Hey, remember what I said about supergroups last year? In 2008, there was another conglomeration of established musicians based out of France called The Order of Apollyon, and it consisted of B.S.T. (Aosoth), James McIlroy (ex-Cradle of Filth, Chaosanct), Peter Benjamin (ex-Akercocke, Voices) and Dan Wilding (Carcass, Trigger the Bloodshed). Such a who’s who of death and black metal would create a whirlwind of head-twirling mayhem, right? Well, 2010’s The Flesh debut fell upon the unwashed masses in a sea of meh, revealing promise but not fulfilling it. Well, five years later, B.S.T. soldiers on with a new line-up, renewed focus, and a spring in his booted steps with The Sword and the Dagger. How does it sound? In one word: Polish.
Now, that’s not a slam against The Order of Apollyon whatsoever. But you can tell from the first proper track, “Hatred Over Will,” that they do love their Behemoth and Vader albums. The riffing of B.S.T. and S.R. (aka Saroth, Temple of Baal) is frantic yet purposeful, cleaving left and right as S.K. (aka Skvm, Temple of Baal) pummels along on the drums like a rhino on the purest of black Colombian gold. Melodic tremolo sections and a sweet solo near the end, and already I’m anticipating a more solid record.
And “solid” is putting it ever so mildly, because that’s The Sword and the Dagger at its very worst. The new line-up has definitely inspired B.S.T. to put forth some of his best music yet for The Order of Apollyon, as there are no clunkers on this record. “Al ‘ankabout” injects some Middle-Eastern influence in some of the intro melodies but thankfully avoids aping Nile in the process. “Hold Not Thy Peace, O God of My Praise” challenges Nergal and company in not only lofty song titles, but also in bringing some incredible atmosphere through sheer speed and riff magick. And speaking of atmosphere, “Our Flowers Are the Sword and the Dagger” stands out for not only some of the best songwriting on the album, but those final two minutes are some of the best windmill-inducing riffs, tremolo melodies, and tastefully fast drumming this album contains. If your head ain’t moving and you’re not dual-wielding invisible citrus, check your pulse.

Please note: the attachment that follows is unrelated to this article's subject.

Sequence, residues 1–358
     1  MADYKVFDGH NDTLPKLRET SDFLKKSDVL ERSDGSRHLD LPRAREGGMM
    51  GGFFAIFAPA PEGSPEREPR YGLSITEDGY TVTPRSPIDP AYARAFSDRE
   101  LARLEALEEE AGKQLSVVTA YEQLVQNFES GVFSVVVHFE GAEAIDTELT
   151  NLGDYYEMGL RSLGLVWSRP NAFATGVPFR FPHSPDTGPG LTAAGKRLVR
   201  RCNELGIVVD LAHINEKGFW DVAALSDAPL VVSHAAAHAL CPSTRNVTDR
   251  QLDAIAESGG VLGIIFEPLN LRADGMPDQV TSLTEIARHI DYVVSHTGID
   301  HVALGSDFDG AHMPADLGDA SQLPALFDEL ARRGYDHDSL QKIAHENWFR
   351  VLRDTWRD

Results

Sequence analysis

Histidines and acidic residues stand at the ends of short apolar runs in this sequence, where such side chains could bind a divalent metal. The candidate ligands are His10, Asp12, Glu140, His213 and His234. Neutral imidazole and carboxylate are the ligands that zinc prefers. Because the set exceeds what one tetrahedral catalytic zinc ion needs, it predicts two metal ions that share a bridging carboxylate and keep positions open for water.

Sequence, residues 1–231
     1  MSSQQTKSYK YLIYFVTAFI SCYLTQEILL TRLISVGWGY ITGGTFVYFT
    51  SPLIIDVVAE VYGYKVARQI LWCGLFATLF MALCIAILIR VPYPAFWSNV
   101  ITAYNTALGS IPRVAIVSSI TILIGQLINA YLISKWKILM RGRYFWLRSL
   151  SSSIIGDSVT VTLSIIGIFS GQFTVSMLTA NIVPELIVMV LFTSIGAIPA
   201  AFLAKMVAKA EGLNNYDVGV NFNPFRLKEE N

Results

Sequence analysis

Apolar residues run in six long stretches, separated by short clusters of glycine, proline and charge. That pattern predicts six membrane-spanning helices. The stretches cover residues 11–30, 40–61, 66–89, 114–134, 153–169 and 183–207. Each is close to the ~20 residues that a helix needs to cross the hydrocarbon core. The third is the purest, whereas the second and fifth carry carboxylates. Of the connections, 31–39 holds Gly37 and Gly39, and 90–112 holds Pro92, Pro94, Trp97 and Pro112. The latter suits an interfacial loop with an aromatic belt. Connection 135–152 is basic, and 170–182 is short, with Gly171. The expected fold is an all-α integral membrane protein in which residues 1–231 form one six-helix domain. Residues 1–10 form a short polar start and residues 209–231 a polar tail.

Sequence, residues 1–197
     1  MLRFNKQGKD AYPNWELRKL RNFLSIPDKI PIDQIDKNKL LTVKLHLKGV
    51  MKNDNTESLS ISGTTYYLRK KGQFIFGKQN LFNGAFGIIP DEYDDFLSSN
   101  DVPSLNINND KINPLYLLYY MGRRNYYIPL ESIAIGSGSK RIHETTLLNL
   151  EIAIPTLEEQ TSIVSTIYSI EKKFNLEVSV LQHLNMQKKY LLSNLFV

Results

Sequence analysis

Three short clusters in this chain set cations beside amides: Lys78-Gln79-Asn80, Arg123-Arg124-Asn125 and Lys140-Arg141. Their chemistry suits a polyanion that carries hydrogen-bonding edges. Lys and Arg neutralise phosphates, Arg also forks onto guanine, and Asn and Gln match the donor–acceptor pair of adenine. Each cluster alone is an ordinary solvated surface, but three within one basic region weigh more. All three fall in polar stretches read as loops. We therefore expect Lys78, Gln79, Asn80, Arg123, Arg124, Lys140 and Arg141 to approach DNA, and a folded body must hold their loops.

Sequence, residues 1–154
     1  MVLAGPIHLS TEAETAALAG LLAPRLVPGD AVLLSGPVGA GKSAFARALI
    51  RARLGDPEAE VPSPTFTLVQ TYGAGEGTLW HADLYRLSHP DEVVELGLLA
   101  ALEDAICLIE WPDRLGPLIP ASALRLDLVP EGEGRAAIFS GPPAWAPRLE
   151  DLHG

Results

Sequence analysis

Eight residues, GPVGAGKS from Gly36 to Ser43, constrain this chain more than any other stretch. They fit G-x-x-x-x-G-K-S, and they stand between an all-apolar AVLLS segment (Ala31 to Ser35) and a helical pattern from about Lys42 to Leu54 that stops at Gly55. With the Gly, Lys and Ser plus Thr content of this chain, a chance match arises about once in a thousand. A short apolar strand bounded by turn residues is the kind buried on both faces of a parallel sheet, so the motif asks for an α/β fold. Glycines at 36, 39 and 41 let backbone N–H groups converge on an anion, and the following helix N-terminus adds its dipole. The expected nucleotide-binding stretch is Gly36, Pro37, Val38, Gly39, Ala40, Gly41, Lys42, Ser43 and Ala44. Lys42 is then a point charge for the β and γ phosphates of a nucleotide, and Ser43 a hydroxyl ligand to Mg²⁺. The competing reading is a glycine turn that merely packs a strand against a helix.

There are some complaints I have to levy against The Sword and the Dagger, with the production being chief among them. Simply put, this sucker is loud. There are no dynamics at all, and you can barely eek out bassist F.D. Also, B.S.T.’s vocals periodically sound like they’re going to give out at times, but with repeated listens, they eventually won me over. I would have also placed closing track “Omnis Honor et Gloria” elsewhere on the album because, despite how good the song is, it’s the most tepid of the entire album.
So The Order of Apollyon avoided both the Sophomore Slump and the Supergroup Curse with The Sword and the Dagger. I’ve been needing a fix of quality blackened death metal for quite a while now, and this album fit the bill perfectly. I’m now going to kick back, grab a lemonade, and headbang to “Our Flowers Are the Sword and the Dagger” for the hundredth time today.